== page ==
What are automated teller machines (also, automated telling machines,) is something which many people may ask when in fact they already know the answer, without realising this to be the case. Automated teller machines – most often abbreviated to be called ATM’s – are the cash dispensing machines provided by banks to give customers easy access to their accounts outwith office hours, at remote locations and without having to stand in line for a teller in their bank’s premises. The security of ATM’s is governed by a Personal Identification Number – PIN – being issued along with each card, which has to be input to the ATM along with the card for a customer to gain account access.
ATM’s are perceived by most people – whatever they may call them – as machines which allow them to check the balance of their account, perhaps request a small paper statement of their most recent transactions and, most commonly of all, make a cash withdrawal from their account. There are a great many ATM’s, however, which offer additional facilities other than these most common ones mentioned.
Certain ATM’s allow customers of the machine’s holding bank to transfer money between different accounts which they have with the bank. They may also allow them to request that electronic bill payments be made to external organisations. This is particularly useful when it comes to the likes of paying utility bills or credit card bills. Deposits are also possible at certain ATM’s and these can be either in online or offline format. Customers place their deposit in an envelope dispensed from the ATM and insert it in to a designated slot. They are then issues with a provisional receipt for their deposit. The envelope will be printed inside the ATM with the customer’s account details and in the case of online deposits, their account credited. It should be noted, however, that the funds will not be available for immediate withdrawal, as the deposit has to be checked and verified in the first instance by banking staff to prevent misuse of the system. Offline ATM deposits work simply on the basis that the bank’s staff will check the details of the deposit and then credit the account manually.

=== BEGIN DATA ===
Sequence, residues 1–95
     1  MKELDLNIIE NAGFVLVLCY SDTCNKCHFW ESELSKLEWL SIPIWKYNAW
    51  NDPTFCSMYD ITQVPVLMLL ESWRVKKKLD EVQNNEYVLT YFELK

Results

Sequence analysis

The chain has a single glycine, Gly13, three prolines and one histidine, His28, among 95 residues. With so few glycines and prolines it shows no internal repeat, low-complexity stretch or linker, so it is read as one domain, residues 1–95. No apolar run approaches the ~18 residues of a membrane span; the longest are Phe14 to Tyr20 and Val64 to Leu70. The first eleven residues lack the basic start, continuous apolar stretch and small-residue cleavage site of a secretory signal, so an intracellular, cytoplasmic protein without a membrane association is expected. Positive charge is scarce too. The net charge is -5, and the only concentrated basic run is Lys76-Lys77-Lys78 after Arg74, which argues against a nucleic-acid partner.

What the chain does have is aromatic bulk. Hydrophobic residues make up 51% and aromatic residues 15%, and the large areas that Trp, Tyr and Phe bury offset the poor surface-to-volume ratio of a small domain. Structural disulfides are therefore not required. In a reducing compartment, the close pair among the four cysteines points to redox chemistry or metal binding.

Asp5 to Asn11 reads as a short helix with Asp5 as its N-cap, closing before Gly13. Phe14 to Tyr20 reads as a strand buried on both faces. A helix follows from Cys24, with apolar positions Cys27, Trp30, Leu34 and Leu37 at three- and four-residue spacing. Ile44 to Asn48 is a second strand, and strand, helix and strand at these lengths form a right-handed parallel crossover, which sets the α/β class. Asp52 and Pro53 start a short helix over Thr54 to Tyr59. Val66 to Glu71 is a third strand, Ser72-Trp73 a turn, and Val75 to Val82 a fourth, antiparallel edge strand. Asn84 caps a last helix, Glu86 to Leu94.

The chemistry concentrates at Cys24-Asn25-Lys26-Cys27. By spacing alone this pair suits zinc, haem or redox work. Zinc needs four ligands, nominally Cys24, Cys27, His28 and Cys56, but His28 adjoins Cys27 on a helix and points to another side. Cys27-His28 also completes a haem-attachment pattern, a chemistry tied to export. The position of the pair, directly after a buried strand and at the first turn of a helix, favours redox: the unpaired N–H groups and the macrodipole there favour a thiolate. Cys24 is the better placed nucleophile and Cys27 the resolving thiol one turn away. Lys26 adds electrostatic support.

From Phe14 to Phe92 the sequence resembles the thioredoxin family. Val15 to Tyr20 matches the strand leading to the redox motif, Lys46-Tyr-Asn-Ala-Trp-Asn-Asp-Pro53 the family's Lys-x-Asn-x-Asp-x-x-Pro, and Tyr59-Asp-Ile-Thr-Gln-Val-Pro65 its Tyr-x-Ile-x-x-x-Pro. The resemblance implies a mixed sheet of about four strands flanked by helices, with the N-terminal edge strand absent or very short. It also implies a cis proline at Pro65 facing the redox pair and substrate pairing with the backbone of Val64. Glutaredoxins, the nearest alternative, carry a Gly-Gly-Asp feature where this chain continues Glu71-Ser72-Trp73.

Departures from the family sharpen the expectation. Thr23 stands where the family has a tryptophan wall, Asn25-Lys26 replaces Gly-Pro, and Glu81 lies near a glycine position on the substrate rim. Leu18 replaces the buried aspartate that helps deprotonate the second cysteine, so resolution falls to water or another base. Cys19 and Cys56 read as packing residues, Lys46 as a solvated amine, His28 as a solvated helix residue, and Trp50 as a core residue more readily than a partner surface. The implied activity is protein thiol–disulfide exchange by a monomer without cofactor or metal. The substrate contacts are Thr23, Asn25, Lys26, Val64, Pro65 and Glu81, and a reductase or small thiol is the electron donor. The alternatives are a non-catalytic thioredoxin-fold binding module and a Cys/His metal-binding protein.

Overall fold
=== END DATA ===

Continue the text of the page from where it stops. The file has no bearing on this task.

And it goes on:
In order to determine how ATM’s work – even in layman’s terms – it is necessary to consider both the mechanical and the electrical aspects. In a mechanical sense, the cash stored in an ATM is located in huge currency cassettes, within an extremely secure, concrete and steel safe in the base of the ATM. When a withdrawal is approved, a system of rollers and pumps dispenses the cash from the currency cassettes and out of the ATM to the waiting customer. Envelopes for deposits – if applicable – and the huge rolls of paper from which statements are dispensed are located to the rear of the machine and are usually monitored and re-stocked by branch staff, unless of course the ATM be a remote one, in which case the security company will perform all servicing.
In an electronic sense, ATM’s are linked to at least the monitoring banks online systems and very possibly the systems of such as Visa International and Mastercard as well, in order to allow non-bank customers to use some of its facilities. When a customer makes a withdrawal from their account, the customer’s account is debited and a compensating credit is made to the particular ATM’s cash account. It is by employing this simple system that bank administrators in the cash centres can balance and reconcile the cash remaining in a serviced and re-stocked ATM.
Automated teller machines are extremely useful devices and have in fact become almost indispensable to the cash economy in modern times. As technology advances in so many ways, the security of ATM’s is looking to be improved by such as the abolition of PIN’s in favour of retina recognition devices and no doubt many other advancements will be provided to improve the convenience and security of these increasingly essential automated teller machines.